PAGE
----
Meanwhile, eldest sister Tatiana has fallen in love with one of the Other Kingdom's darker denizens, a man named Sorrow who might be the vampire attacking the locals. When Tati is kept away from her love and believes she might lose him, she begins to die of a broken heart.
With the help of her sisters, the unpredictable fox-riding witch Drâguta, and her own determination, Jena is finally able to set things right, but not without a struggle. Written for teen readers, Marillier's story is beautifully crafted and a fascinating recasting of the original tale. You'll find yourself rooting for Jena and her sisters at every turn, not to mention hating Cezar, who is a terribly effective villain, as much for his sexism and bullying as for his hidden crimes.
PRINCESS OF THE MIDNIGHT BALL sticks to the original story more closely than Marillier's book. Every night, twelve princesses go to bed and are locked into their room. Every morning, their dancing shoes are worn through. In Jessica Day George's retelling, the dozen princesses are dancing in order to fulfill a contract their mother made with an evil sorcerer imprisoned beneath the earth—the heartless King Under Stone. But the sorcerer manipulated their mother, now deceased, and he has nefarious plans for the girls, who will clearly never escape his clutches...
At least, not without the help of a brave young soldier named Galen, who ends up working as an undergardener at the palace and soon develops feelings for the eldest princess. Rose is the weary, harried mother figure to her eleven younger siblings. When she falls ill, the King Under Stone has no patience with her troubles. I like that George give us a sense of how hard it would be to be one of the twelve dancing princesses of fairy tale fame: it turns out enchanted princesses don't get any sick leave.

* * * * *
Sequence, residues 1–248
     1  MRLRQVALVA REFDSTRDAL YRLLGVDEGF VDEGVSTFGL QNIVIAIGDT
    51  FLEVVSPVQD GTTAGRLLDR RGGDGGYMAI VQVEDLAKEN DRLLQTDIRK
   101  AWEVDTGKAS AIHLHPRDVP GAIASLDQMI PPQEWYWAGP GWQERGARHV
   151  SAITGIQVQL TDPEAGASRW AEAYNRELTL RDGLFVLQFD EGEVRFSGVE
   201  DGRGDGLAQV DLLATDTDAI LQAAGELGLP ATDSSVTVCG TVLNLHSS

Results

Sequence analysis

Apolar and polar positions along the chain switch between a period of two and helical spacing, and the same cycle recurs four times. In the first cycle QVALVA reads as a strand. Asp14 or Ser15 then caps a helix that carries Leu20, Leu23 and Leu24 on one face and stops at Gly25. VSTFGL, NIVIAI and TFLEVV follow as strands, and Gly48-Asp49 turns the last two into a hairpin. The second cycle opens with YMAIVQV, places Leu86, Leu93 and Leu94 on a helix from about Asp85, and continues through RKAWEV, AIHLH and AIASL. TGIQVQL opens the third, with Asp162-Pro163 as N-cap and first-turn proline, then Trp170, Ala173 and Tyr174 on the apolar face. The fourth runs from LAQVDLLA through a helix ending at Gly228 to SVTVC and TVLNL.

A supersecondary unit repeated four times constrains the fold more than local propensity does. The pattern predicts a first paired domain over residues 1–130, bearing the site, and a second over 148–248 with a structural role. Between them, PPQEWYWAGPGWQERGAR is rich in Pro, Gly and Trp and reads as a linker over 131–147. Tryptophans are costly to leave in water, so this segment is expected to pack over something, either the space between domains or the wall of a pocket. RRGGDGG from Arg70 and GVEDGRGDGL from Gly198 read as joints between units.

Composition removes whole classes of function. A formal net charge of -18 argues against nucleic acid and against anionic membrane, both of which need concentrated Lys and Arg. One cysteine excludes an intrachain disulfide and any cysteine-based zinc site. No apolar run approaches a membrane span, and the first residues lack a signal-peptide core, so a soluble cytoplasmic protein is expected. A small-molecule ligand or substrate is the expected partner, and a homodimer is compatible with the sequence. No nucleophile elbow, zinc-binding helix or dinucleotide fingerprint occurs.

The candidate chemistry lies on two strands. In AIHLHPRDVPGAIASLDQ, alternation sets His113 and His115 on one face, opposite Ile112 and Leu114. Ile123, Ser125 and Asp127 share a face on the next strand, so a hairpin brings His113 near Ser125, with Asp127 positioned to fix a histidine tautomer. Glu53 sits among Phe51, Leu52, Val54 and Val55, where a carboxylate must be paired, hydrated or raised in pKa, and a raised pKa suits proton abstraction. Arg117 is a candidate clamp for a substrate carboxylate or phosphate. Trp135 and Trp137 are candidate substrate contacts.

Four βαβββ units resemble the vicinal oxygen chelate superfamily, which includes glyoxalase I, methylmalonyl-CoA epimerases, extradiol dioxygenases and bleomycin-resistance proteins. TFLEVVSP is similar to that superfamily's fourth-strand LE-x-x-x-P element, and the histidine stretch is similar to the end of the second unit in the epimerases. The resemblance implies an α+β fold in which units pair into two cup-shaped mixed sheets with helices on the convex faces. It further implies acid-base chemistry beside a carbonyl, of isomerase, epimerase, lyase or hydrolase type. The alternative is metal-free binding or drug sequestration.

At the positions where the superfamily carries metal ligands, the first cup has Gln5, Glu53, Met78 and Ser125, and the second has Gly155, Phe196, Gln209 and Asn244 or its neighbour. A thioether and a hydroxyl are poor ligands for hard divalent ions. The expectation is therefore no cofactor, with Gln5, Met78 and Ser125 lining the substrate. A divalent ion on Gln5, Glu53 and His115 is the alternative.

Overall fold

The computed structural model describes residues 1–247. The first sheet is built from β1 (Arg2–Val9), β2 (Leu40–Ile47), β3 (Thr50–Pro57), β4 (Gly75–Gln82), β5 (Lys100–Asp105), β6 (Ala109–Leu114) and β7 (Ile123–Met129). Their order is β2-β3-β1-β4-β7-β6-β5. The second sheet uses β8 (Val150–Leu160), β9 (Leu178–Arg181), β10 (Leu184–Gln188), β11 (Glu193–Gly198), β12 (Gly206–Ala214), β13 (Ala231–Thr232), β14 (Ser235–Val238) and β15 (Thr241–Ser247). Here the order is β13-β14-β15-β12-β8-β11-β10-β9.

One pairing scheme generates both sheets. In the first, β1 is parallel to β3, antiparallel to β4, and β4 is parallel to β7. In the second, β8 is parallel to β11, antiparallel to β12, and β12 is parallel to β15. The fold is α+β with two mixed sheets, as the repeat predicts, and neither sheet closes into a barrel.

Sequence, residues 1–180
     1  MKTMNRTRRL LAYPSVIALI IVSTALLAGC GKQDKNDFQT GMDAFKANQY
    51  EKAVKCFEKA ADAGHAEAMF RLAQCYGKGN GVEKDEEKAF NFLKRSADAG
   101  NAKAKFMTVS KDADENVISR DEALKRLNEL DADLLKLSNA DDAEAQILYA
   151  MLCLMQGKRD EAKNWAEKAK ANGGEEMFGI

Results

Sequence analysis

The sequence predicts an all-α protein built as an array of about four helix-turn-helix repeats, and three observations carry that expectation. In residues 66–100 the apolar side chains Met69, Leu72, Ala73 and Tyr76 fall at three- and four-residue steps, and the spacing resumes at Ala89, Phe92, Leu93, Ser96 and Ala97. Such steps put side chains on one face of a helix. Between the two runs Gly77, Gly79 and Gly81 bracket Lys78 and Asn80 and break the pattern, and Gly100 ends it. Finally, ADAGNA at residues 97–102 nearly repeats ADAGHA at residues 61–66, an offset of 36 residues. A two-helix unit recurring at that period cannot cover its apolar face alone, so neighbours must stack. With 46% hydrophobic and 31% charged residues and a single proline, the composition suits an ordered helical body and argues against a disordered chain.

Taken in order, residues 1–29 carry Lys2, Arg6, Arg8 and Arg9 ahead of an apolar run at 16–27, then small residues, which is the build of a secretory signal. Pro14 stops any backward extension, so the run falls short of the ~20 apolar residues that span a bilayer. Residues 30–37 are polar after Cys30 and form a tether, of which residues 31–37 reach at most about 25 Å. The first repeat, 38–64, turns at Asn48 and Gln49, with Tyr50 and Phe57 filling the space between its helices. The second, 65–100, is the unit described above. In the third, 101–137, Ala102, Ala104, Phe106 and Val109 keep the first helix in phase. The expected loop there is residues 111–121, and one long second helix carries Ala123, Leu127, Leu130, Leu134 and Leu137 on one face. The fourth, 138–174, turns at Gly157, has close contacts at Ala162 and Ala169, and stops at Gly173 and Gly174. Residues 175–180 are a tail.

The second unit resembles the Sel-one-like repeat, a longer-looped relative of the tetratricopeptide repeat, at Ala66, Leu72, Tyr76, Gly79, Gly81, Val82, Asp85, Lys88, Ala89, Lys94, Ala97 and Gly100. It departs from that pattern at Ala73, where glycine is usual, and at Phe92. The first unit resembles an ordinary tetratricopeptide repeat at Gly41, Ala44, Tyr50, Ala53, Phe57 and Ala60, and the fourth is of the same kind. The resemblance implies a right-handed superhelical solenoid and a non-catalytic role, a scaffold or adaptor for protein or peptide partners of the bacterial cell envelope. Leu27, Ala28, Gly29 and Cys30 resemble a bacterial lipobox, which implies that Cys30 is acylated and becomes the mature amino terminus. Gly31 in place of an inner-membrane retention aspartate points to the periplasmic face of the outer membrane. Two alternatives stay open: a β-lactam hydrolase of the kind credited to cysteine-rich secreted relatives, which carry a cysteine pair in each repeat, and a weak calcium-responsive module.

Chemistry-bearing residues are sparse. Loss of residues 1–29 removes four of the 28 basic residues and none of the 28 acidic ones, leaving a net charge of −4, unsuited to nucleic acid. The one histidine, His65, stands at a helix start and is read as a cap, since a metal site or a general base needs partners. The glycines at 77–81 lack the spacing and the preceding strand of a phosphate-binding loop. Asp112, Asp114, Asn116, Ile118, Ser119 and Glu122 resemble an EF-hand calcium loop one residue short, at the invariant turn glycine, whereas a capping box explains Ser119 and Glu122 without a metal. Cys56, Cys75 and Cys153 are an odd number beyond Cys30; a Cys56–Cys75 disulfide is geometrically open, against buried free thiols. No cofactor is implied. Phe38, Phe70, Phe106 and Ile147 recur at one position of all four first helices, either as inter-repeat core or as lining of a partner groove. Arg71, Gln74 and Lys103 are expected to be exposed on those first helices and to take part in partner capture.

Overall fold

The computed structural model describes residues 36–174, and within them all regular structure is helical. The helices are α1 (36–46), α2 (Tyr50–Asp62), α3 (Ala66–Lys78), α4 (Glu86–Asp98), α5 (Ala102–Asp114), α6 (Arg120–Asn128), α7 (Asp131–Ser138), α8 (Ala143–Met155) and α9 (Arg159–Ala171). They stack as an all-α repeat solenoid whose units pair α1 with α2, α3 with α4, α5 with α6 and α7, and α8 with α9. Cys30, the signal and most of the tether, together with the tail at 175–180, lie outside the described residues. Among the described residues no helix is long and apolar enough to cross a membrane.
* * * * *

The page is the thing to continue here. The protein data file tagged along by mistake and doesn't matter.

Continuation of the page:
Add in political intrigue and the ominous fates of those who try to help the princesses, and things seem to get worse by the minute. But Galen has received magical help in the form of an invisibility cloak, while his talent for knitting turns out to be surprisingly useful. As you can imagine, it's a little difficult to sort out twelve characters, a problem George solves by giving us clearer portraits of a few of them—Pansy and Poppy, for example. But this is really Rose's story, and perhaps Galen's even more so. Princess of the Midnight Ball is a warm and lively read for the 9- to 12-year-old crowd.
THE THIRTEENTH PRINCESS has a slightly younger feel than the other two books, especially as the story begins. Diane Zahler imagines a king who is increasingly angry with his wife for giving him daughters. When she dies in childbirth bearing a thirteenth daughter, he banishes the newborn to the castle kitchens in his rage. At seven, sort-of servant Zita learns that she is sister to the princesses and daughter to the king. She doesn't bemoan her lot, but she does sneak around behind her father's back befriending her lovely older siblings. Happily, the older girls are very willing to take her under their wings. Zita also befriends a stable boy named Breckin whose brother is a soldier (aha!).
It isn't until she is older that Zita starts to worry that her sisters might be under a spell. For one thing, the twelve princesses don't understand themselves why whenever suitors come to call, they are unable to speak. Thus they all remain unmarried. Then Zita's sisters begin to appear weary and sickly, and their shoes turn up with the soles worn through every morning.
With Breckin's assistance, Zita investigates her sisters' troubles; she also discovers a helpful witch living in hiding in the woods. (The king has banned magic from the kingdom, or so he thinks.) But somebody is watching Zita, and she still hasn't figured out who is behind the malevolent spells. She even worries that the king himself has done this terrible thing to his daughters.